• jump down - does the opposite of jump up.

    Note that we can move frames and their contents. For example, doing a jump up on V.Frame2 puts it first inside H.Frame, thus moving the buttons to the right of the window. Anyone for prototyping?

  • paste before, paste after, paste inside which paste relative to the current selection. Note that you should not paste inside a non-container widget.
  • Edit Events... - shows the dialog editor for the selected widget.
Right-clicking on most widgets in the design window will also provide these options as well. However, if you want to select non-visible items such as frames, it is safer to do this in the tree.

Below we will create the text editor in foxGUIb. We assume that you have worked through the earlier (inches/cm) example, hence know about saving the layout and generated code.

Creating the editor

Create a new directory (e.g TextEd) and run foxGUIb. Do the following:
  1. Make a new MainWindow and drag it open to a suitable size for your design work
  2. Add a horizontal frame inside it, using the right mouse button. Accept the default name - we only have one such frame here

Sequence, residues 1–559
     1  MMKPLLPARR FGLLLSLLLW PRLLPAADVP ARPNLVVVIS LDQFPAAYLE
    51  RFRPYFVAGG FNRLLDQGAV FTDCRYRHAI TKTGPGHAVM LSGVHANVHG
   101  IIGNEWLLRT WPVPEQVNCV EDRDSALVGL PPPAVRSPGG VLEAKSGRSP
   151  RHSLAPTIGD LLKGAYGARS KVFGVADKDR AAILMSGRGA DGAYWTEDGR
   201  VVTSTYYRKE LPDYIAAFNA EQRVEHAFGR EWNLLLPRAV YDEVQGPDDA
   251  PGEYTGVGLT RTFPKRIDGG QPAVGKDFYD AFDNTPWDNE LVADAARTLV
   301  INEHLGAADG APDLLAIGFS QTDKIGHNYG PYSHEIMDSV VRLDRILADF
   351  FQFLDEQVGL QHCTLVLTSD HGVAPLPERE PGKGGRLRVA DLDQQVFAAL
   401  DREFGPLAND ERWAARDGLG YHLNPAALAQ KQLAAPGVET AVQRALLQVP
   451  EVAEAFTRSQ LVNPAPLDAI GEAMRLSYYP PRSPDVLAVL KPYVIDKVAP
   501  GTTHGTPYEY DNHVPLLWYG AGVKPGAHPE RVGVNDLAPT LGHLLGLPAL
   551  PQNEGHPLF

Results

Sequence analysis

3. Add a vertical frame inside the horizontal frame, name it e.g. vFrame1.
  4. Ensuring that you have selected the horizontal frame in the tree, another vertical frame inside the horizontal frame, name it e.g. vFrame2. At this stage, play around with the left and right parts of the window, by selecting them in the tree, or selecting them on the window itself. The window is split 50/50 at present.
  5. Now add three buttons inside the left frame - choose suitable names and text, such as Open, Save As, and Exit. Note that the first button must be added inside the frame, and it then becomes the selected item. The other two can simply be added below with a left-click if you wish.
  6. Add a text widget inside the right frame - note that its FILL settings are on, meaning that it will expand as far as it can. Currently, it fills half of the window.
  7. Select the left frame, and switch off its x-fill property. Note that it collapses to be just big enough for its buttons.
  8. The design is done. Do code generation, and run it!
  9. At this stage, you might like to play around with the tree - such as swapping over the right and left frames as mentioned above, with the JumpUp command.

    You can also try selecting the left frame and exploring the spacing and pad properties, to space out the buttons. A particularly useful setting is to check the PACK_UNIFORM_WIDTH property in the packing hints, which makes every button have the same width.

  10. we have not provided the code, but (following our approach in the first program we could extend the class, and add event-handling code for the buttons.